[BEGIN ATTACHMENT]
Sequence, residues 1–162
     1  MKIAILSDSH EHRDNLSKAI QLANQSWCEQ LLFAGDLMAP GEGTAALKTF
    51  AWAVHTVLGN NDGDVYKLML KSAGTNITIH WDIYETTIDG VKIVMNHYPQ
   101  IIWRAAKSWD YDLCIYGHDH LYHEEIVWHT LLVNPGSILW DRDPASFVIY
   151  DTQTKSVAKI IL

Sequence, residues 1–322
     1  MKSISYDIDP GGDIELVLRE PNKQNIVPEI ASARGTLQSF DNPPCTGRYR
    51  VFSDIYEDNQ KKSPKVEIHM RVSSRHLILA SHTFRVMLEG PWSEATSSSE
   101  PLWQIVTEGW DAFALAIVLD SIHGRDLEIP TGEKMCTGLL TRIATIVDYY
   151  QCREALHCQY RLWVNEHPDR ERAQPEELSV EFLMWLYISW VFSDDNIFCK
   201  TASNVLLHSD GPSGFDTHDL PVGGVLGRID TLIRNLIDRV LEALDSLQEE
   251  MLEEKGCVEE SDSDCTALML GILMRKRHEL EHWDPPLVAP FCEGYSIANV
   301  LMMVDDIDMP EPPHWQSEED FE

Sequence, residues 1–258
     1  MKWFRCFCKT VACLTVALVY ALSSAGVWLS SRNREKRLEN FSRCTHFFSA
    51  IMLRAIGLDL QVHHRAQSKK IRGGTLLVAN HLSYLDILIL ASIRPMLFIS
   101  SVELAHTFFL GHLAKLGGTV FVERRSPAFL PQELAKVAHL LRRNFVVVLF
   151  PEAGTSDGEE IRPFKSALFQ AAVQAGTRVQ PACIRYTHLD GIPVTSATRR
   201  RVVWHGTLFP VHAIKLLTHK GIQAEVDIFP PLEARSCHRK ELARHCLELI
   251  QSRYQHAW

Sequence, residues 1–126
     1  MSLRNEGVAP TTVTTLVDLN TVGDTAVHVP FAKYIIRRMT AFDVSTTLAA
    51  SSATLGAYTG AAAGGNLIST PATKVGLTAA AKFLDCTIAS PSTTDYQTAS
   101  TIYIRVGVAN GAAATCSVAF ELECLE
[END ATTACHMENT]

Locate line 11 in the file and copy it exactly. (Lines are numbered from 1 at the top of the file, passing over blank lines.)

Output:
   201  TASNVLLHSD GPSGFDTHDL PVGGVLGRID TLIRNLIDRV LEALDSLQEE